AT&T suspects the White House is trying to interfere in its proposed $85.4 billion acquisition of Time Warner and is preparing to probe its role in the antitrust review of the deal that's presently threatening to block the merger, Bloomberg reported on Tuesday, citing sources close to the second largest wireless carrier in the country. In addition to the Department of Justice, the Federal Communications Commission is reviewing the deal. Delrahim, who supported Trump during the campaign and served nine months as a White House lawyer, is responsible for overseeing the AT&T transaction. The president said during his trip to Asia that the merger may go to litigation. According to Reuters, one of the parties allegedly interested in acquiring a spun-off CNN is right-wing media kingpin and Fox News owner Rupert Murdoch, which would raise its own obvious anti-trust issues as well as concerns the new ownership would try to make CNN's coverage of the president a little more fawning. "I do feel you should have as many news outlets as you can - especially since so many are fake". Then, he concluded: "I didn't make a statement, but I did make a statement long before".
Those communications or any with another third party are probably fair game, Waller said.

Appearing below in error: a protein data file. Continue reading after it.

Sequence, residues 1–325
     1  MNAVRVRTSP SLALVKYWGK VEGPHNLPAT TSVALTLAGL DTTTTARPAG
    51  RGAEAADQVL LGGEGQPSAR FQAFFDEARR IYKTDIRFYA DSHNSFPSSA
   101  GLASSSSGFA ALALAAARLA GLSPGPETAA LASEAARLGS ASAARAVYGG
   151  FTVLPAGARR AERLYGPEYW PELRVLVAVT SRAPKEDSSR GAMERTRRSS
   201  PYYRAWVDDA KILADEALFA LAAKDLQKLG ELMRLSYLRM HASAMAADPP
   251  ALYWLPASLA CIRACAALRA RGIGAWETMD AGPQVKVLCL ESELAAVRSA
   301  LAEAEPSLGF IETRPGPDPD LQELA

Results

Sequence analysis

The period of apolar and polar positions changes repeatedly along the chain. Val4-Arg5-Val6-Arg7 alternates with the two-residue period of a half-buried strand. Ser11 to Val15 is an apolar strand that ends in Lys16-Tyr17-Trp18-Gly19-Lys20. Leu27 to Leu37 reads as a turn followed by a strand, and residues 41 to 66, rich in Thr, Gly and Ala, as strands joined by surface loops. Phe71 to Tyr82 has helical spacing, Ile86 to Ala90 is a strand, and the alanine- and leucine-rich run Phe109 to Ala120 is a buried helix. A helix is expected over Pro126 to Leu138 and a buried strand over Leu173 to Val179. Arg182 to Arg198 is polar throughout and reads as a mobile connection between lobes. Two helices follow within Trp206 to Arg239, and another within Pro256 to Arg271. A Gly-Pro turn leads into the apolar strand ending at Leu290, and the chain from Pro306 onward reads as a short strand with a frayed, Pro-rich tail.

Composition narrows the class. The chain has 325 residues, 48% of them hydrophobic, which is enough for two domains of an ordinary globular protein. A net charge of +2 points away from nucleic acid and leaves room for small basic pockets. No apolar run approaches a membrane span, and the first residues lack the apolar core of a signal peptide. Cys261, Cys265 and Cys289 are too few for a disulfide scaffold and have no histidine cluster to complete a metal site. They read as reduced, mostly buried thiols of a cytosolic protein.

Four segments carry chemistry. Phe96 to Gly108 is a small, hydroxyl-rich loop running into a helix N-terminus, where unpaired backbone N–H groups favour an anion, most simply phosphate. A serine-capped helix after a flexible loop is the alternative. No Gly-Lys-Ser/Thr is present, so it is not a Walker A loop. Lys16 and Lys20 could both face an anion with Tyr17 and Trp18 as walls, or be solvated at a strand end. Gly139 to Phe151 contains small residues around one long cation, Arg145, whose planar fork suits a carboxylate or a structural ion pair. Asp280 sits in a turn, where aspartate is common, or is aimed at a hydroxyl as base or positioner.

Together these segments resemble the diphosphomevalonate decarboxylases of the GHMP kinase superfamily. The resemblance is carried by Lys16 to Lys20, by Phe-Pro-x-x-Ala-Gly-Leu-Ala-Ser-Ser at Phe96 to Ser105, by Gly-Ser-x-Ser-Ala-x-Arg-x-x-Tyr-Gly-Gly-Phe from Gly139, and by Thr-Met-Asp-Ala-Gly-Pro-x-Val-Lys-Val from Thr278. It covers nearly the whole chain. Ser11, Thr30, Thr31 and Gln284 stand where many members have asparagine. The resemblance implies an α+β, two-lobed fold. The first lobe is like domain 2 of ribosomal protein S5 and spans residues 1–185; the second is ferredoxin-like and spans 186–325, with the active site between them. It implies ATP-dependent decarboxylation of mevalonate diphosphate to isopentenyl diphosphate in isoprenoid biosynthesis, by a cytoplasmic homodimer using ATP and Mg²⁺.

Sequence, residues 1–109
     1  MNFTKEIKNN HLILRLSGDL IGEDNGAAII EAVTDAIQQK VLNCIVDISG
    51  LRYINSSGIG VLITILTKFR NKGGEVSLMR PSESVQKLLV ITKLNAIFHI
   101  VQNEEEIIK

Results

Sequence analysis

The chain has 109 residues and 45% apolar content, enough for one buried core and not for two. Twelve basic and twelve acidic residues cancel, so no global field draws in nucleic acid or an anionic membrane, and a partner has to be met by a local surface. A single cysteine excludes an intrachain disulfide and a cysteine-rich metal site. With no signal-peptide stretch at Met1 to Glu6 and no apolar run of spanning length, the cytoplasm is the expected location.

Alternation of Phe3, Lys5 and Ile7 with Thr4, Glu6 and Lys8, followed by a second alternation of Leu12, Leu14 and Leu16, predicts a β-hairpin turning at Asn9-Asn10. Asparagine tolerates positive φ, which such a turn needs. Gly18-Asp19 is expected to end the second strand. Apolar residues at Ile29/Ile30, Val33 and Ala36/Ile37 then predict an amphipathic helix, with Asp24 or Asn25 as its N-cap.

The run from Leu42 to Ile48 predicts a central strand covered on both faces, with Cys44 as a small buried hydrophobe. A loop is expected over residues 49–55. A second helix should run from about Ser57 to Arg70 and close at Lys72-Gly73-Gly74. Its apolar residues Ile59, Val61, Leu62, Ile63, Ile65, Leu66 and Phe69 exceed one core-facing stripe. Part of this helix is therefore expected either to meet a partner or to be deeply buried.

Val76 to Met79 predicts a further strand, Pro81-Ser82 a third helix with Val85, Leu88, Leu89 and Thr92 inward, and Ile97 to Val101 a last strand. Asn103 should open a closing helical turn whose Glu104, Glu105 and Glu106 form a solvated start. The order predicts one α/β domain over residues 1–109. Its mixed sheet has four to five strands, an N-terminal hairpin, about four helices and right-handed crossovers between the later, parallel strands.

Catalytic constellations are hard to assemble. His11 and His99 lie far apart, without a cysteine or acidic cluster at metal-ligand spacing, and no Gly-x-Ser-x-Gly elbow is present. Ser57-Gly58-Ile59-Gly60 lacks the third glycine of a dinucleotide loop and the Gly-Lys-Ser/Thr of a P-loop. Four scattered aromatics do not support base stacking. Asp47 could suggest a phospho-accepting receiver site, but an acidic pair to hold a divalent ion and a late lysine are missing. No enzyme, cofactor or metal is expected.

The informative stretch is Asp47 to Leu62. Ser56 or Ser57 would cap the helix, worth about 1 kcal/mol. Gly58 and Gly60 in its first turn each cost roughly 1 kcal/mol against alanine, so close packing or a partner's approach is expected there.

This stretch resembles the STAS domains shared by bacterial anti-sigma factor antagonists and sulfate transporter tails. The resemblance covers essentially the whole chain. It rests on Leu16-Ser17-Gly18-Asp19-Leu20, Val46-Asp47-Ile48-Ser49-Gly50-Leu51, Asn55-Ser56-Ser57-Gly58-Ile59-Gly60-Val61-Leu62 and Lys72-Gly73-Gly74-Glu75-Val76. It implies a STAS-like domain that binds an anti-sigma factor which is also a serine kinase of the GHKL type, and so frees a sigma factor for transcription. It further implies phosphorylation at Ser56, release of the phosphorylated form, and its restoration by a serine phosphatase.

South Korea urged to invest more in Philippines
They reaffirmed that their two countries have a great responsibility to ensure regional and global peace and prosperity. Tension on the Korean peninsula rose last month as North Korea's leader Kim Jong Un and U.S.
The "decision" appears to refer to reports that the Justice Department would seek to block the merger, unless AT&T sold off assets perhaps including CNN, and the person that Trump highlights is likely Makan Delrahim, the antitrust chief at DOJ.
"This responds to your letters dated July 27, 2017, and September 26, 2017, in which you and other Members request the appointment of a Special Counsel to investigate various matters, including the sale of Uranium One, alleged unlawful dealings related to the Clinton Foundation and other matters", Sessions writes.